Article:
Top "flight " coaches, do not restrict themselves to any particular group ( unless, under contract ).
The major difference between the A/M and Freds syl.wise , lies in the Bronze syl.; but, essentially the same with the odd "twist " .
As to Freds or A/M competing in outside events, allow me to give you some background.
On several occasions ( 2 in particular... Phoenix and NYC ) I was the organiser of 2 NDCA recognised events, in which both had participants Prof. and Pro .Am. In matter of fact, in one of those, an A/M teacher, danced with a F/A teacher in a Prof comp. ( that was in 1974 ) and the NYC one ( in 1964 ) had, again, both chains in attendance .
That( NYC ) was the 1st major comp. that both Larry and Betty Silvers and Joe and Nancy Jenkins competed. I shortly afterwards , coached both, before they and I moved on ( them to much greater fame), to other locales.
PS... Not all chain school owners, are open to such outside activities .
My instructor teaches from a variety of syllabi. For example, at one time he took us through the entire Silver-level Tango syllabi of Fred Astaire, DVIDA, and USISTD (even including a few figures that have been dropped from their syllabus but that he likes). They are different from one another, but there is substantial overlap. In some cases two syllabi have patterns that differ from each other only in trivial ways, though the figures have different names. If you go to a comp you need to follow their rules, but your Fred Astaire training should allow you to prepare to dance whatever syllabus they specify.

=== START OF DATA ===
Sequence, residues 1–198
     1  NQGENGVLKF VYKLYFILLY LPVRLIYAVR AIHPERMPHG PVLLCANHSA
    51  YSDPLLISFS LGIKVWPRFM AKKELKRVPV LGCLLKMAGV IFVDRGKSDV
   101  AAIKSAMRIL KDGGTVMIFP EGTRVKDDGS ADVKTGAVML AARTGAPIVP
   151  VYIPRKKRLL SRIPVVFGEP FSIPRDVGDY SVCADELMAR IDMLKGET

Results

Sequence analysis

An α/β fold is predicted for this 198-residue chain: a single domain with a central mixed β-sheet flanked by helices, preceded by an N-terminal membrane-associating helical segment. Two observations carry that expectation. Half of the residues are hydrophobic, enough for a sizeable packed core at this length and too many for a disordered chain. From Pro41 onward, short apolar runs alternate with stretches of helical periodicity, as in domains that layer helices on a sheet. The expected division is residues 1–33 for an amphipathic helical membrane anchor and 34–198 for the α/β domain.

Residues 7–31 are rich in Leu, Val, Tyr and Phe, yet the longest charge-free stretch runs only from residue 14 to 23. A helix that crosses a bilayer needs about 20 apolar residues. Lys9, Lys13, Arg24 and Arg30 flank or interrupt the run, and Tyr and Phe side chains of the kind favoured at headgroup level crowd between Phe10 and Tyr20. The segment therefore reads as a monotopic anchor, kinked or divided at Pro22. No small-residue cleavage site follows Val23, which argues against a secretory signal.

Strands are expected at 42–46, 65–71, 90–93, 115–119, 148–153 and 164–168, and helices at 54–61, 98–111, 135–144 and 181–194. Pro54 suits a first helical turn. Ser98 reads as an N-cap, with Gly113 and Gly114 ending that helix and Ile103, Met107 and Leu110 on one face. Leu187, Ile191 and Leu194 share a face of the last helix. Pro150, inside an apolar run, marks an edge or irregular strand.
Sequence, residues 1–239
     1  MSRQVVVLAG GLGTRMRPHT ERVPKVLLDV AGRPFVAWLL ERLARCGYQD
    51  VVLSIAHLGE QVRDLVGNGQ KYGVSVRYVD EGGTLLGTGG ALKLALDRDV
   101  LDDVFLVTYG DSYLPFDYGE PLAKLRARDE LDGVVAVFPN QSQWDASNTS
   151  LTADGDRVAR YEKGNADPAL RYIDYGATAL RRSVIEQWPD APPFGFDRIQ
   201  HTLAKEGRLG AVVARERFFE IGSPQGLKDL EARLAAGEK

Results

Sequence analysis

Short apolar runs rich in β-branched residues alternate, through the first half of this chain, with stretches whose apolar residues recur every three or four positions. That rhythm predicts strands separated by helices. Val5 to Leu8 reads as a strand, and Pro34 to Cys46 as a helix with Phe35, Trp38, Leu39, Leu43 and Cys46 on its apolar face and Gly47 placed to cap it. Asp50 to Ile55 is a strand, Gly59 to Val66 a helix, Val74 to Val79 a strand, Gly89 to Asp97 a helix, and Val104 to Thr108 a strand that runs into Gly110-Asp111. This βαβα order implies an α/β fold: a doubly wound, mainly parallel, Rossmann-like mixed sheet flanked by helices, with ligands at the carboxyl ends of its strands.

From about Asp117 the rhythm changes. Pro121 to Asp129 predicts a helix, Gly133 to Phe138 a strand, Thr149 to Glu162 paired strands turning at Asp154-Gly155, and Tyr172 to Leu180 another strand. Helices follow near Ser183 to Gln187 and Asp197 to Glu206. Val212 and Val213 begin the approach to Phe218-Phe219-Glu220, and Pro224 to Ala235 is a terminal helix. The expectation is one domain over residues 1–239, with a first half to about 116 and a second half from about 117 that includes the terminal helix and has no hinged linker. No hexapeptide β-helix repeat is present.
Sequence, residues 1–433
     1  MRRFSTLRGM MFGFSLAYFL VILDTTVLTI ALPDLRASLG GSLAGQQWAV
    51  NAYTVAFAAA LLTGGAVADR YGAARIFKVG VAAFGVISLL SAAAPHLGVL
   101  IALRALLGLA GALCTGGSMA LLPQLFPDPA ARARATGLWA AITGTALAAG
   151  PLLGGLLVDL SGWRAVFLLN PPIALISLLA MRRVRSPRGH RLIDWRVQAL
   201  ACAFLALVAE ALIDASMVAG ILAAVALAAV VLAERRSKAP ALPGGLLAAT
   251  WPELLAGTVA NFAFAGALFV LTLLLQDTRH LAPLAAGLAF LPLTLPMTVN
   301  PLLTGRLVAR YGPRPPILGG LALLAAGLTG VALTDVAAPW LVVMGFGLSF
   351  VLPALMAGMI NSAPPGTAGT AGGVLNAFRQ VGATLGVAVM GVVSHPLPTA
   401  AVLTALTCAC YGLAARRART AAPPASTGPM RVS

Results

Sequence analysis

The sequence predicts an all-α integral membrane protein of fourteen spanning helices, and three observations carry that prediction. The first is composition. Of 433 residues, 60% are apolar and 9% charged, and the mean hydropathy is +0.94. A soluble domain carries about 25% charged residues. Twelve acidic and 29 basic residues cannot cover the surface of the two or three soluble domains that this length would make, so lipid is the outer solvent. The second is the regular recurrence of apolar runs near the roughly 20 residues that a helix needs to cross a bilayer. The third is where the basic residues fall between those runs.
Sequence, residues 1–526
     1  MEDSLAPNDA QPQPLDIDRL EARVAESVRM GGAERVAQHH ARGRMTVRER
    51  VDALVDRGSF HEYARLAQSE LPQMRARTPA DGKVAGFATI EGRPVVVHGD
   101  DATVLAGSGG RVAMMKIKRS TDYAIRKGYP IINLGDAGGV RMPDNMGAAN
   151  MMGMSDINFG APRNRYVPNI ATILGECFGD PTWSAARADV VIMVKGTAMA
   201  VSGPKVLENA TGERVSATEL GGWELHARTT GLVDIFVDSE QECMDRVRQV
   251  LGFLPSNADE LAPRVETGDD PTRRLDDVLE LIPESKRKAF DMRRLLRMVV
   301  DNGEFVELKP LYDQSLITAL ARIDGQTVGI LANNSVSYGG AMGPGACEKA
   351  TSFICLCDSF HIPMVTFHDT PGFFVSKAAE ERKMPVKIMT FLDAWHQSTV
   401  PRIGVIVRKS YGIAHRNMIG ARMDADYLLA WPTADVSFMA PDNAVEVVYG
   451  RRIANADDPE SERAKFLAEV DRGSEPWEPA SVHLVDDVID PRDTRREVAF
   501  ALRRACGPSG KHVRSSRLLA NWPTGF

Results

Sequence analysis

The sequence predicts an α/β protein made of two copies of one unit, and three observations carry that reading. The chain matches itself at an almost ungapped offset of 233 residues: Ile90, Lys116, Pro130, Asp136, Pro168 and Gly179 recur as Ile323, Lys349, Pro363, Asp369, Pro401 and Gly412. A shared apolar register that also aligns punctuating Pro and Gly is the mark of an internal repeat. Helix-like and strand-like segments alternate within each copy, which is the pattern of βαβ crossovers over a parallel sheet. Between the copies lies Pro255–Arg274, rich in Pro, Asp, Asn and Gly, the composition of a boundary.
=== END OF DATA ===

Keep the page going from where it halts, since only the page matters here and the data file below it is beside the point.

In response to 2rightfeet's question and comments, please realize that FADs and AM are franchise operations. As such, each studio owner is, on one hand, subject to "corporate" directions such as syllabi, competence testing of instructors, studio administrative procedures, etc. On the other hand, the owner is free to encourage the use of outside coaches, outside competitions, etc. The owner of our studio recognizes the use of outside coaches and outside competition can develop the students level of dancing, and he encourages it. Other owners I have met are loathe to even recognize that there is a world of dancing outside their studio, let alone encourage students to participate. My wife, and her pro partner, danced at the US Dance Championships in Orlando this past year. And she noted that there were many FADS students in the competition (Michael Meade was there as a judge).
Regarding Michael Meade, he is not under any contract with FADS that I know of, and currently spends most of his time as a judge at various events around the world. Since he lives in Southern California, our studio brings him in 6 or more times a year for coaching. I take full advantage of his time in the studio and schedule many sessions with Michael.
Going back to the syllabi issue, to me it is funny the differences between syllabi, with each organization having a different name for the same move and slightly different openings. For example, in FADS the first basic Rumba steps are Q-Q-S starting on the 1 beat. In AM the first Rumba steps are S-Q-Q, also starting on the 1 beat. As nloftofan1 states, "the differences are trivial".